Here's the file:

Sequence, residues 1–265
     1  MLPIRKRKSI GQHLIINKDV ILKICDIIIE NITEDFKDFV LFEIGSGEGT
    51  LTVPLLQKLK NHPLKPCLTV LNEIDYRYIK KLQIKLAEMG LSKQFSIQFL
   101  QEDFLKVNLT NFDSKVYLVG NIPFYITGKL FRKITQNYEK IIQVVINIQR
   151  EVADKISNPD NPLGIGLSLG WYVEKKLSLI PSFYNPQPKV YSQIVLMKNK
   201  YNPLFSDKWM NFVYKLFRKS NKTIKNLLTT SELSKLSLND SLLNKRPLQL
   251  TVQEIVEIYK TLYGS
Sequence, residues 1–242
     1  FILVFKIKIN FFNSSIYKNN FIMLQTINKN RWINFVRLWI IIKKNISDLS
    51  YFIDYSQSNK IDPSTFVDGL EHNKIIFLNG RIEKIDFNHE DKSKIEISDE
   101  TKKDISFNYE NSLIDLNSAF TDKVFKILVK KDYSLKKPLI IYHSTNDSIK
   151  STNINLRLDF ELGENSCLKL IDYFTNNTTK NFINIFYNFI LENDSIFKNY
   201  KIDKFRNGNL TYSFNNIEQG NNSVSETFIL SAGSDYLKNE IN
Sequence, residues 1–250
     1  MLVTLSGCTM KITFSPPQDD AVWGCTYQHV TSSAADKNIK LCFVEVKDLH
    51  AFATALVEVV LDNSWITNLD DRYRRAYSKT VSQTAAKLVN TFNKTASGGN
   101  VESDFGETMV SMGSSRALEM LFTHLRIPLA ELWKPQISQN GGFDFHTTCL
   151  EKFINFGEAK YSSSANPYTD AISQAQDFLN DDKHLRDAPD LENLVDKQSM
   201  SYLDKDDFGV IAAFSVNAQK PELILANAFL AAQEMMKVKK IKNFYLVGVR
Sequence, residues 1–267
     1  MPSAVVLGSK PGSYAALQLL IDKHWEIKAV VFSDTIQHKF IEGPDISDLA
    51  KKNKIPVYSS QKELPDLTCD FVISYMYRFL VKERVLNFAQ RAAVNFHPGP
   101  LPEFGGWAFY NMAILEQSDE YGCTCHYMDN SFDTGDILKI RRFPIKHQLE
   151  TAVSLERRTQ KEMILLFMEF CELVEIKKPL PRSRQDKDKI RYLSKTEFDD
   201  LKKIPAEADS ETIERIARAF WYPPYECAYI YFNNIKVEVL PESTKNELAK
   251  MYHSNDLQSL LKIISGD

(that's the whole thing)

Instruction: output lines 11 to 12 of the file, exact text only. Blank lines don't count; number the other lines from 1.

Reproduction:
   101  TKKDISFNYE NSLIDLNSAF TDKVFKILVK KDYSLKKPLI IYHSTNDSIK
   151  STNINLRLDF ELGENSCLKL IDYFTNNTTK NFINIFYNFI LENDSIFKNY